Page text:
Another one here furious on your behalf. While your friends are there, how about starting a conversation about getting angry and ask them (infront of him) if they think a man getting in his wife's face and repeatedly saying fuck you, I fucking hate you is acceptable behaviour.

Mandy2003 Sat 15-Jun-13 11:23:22

whereyouleftit - I absolutely agree!! I was in this kind of abusive relationship for a long time. It drove me to a breakdown in the end.

Dackyduddles Sat 15-Jun-13 08:37:40

Whose up for rendition of beyonce?

To the left to the left.... All ur stuff to the box to the left!

mummytime Sat 15-Jun-13 08:31:07

My DH and I have been known on occasion to have hum-dingers of arguments. In the midst of the worst of these I cannot imagine him ever saying that or shouting in my face like that. However stressed he was.

If either of us ever did that we would have crossed the line of no return, and the marriage would be over.

Sorry but there is no excuse. I can't see you have anything to apologise for.

ZillionChocolate Sat 15-Jun-13 08:30:14

If he's stressed, I might accept a bit of muttering or grumbling, at a push, a "you do it" "no you do it" argument. What he did is never acceptable and completely inexcusable.

It worries me that you seem to suggest he's in control of what he's doing in a calculating way, so that he can't be blamed. He's choosing to be aggressive and abusive to you. You deserve better than that, and so do your children. You need to change this situation, not by apologising for his behaviour, but by making yourself safe.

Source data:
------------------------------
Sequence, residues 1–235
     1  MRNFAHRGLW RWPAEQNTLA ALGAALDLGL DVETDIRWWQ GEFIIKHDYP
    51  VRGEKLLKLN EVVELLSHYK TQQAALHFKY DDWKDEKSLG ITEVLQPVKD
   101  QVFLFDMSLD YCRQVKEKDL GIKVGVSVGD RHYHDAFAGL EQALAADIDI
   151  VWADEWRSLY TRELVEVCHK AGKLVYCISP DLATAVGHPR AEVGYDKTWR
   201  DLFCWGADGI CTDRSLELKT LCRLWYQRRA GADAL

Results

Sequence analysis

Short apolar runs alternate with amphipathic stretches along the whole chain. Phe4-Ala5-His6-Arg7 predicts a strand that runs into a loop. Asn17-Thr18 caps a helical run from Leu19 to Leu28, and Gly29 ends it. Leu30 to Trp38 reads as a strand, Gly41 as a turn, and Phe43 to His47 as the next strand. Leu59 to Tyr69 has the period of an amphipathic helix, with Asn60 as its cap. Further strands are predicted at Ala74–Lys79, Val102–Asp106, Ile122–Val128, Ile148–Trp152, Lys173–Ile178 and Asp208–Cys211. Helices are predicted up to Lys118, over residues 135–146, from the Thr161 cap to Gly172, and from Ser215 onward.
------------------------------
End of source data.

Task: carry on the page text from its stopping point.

wtf? if dh said that to me id be going to visit my mum... permenantly!

what an arse. stress is not an excuse!

EleanorHandbasket Sat 15-Jun-13 08:09:19

This is awful. He is awful, and you are being abused.


exoticfruits Sat 15-Jun-13 07:58:32

I wouldn't do either of the 2options that you give, there is nothing to say 'sorry' for and sulking is as childish as his response.
I would wait until the visitors have gone and tell him that the relationship is in problems and things have to change. You don't seem to realise that you are in an abusive one - you are making excuses for him being stressed, but that is his problem- don't let him hang it on you.

RedHelenB Sat 15-Jun-13 07:52:29

Only you know how you "told him" to lock up but his reaction does seem very extreme.

wheredidiputit Sat 15-Jun-13 07:35:49

Having read your further post OP, I thinking he did this to put you firmly in place as he knows you would not react in any other then to sweep everything under the carpet while be extra nice to him as you are afraid he will blow up again.